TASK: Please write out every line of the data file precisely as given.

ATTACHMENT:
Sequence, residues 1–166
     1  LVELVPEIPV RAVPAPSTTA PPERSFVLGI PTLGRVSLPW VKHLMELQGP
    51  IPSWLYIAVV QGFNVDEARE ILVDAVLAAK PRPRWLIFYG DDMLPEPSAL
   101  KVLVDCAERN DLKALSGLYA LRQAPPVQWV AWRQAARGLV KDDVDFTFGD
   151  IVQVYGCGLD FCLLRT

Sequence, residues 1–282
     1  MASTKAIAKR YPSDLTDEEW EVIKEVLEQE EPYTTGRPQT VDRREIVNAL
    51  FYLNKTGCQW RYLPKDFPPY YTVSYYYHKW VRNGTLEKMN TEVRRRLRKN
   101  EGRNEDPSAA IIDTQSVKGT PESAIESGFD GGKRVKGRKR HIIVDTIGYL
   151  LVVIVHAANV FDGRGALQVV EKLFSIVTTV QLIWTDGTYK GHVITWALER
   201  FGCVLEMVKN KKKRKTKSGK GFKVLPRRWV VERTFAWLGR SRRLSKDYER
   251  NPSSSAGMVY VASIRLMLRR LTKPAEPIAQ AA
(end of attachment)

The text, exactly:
Sequence, residues 1–166
     1  LVELVPEIPV RAVPAPSTTA PPERSFVLGI PTLGRVSLPW VKHLMELQGP
    51  IPSWLYIAVV QGFNVDEARE ILVDAVLAAK PRPRWLIFYG DDMLPEPSAL
   101  KVLVDCAERN DLKALSGLYA LRQAPPVQWV AWRQAARGLV KDDVDFTFGD
   151  IVQVYGCGLD FCLLRT

Sequence, residues 1–282
     1  MASTKAIAKR YPSDLTDEEW EVIKEVLEQE EPYTTGRPQT VDRREIVNAL
    51  FYLNKTGCQW RYLPKDFPPY YTVSYYYHKW VRNGTLEKMN TEVRRRLRKN
   101  EGRNEDPSAA IIDTQSVKGT PESAIESGFD GGKRVKGRKR HIIVDTIGYL
   151  LVVIVHAANV FDGRGALQVV EKLFSIVTTV QLIWTDGTYK GHVITWALER
   201  FGCVLEMVKN KKKRKTKSGK GFKVLPRRWV VERTFAWLGR SRRLSKDYER
   251  NPSSSAGMVY VASIRLMLRR LTKPAEPIAQ AA